UNSW Engineering continues to make a major contribution to our energy future
The recent review of Australia’s energy system by the Chief Scientist, Dr Alan Finkel, makes one realise what a significant role we play as engineers in our nation’s future. Finkel trained as an electrical engineer, later working as a biomedical engineer and founding his own technology startup. And he maintains that unique engineer’s attitude to solving problems: he uses critical thinking, analysis, optimisation and teamwork. Any successful, high-growth economy requires a strong engineering workforce to underpin it.
However, it is only in times such as this – when electricity prices are spiralling higher and our political leaders cannot resolve differences around energy and climate – that we suddenly see engineers not only working in the background building a strong economy, but taking leadership roles.
His review was asked to develop national policy based on sound technical principles in an area – electricity generation and use – that is fundamental to the economic and social wellbeing of our nation. In this, UNSW Engineering, as a leader in energy expertise and the source of Australia’s top engineering graduates and the largest number of newly minted engineers, is particularly important.
We played a crucial role in the world’s conversion to renewable energy resources.
Not only were the technologies behind the solar cells on rooftops and solar farms around the world developed at UNSW, but the engineers who went on to dramatically cut the cost of solar energy – making it affordable – came from our ranks. The reason solar energy generated at source is now markedly cheaper than coal is thanks to the excellence of our researchers and lecturers at Photovoltaic and Renewable Energy Engineering. Solar may not be the primary source for our electricity needs, but that is largely due to its intermittency and the fact that energy storage costs need to fall further. We’re working on that, too.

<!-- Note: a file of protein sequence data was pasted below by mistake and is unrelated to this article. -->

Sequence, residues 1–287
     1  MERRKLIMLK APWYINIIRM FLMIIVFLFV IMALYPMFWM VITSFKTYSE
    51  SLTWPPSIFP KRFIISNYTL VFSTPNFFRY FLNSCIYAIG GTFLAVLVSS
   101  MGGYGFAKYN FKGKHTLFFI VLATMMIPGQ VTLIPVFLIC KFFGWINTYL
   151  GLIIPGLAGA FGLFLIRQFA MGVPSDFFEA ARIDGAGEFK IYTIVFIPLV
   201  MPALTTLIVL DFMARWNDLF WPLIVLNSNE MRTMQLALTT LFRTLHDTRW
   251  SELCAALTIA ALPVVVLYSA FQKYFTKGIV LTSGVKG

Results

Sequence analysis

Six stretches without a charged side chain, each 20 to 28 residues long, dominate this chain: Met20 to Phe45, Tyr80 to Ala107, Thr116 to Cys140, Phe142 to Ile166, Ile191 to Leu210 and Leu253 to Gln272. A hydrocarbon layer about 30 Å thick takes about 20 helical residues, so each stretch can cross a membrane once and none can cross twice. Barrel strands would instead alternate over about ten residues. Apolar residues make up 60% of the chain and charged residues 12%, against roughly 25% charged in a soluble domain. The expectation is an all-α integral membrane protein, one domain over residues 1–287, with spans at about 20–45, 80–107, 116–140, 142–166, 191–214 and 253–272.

We’re also lucky to be the home to one of the world’s top Mining Engineering schools, and Australia’s top School of Petroleum Engineering – an entity now far more focused on gas and geothermal energy sources than oil and its by-products. This places UNSW Engineering in a unique position to contribute, in policy and technical know-how, to the energy transitions facing the world. In support of this, we have created the UNSW Energy Institute, ably led by its COO, Justine Jarvinen. However, we should never forget that our greatest impact – in energy or any other area of engineering – will always be our graduates.
While they may be exposed to the best research and learn from leading practitioners, it is they who go out and change the world.
Professor Mark Hoffman
Dean of Engineering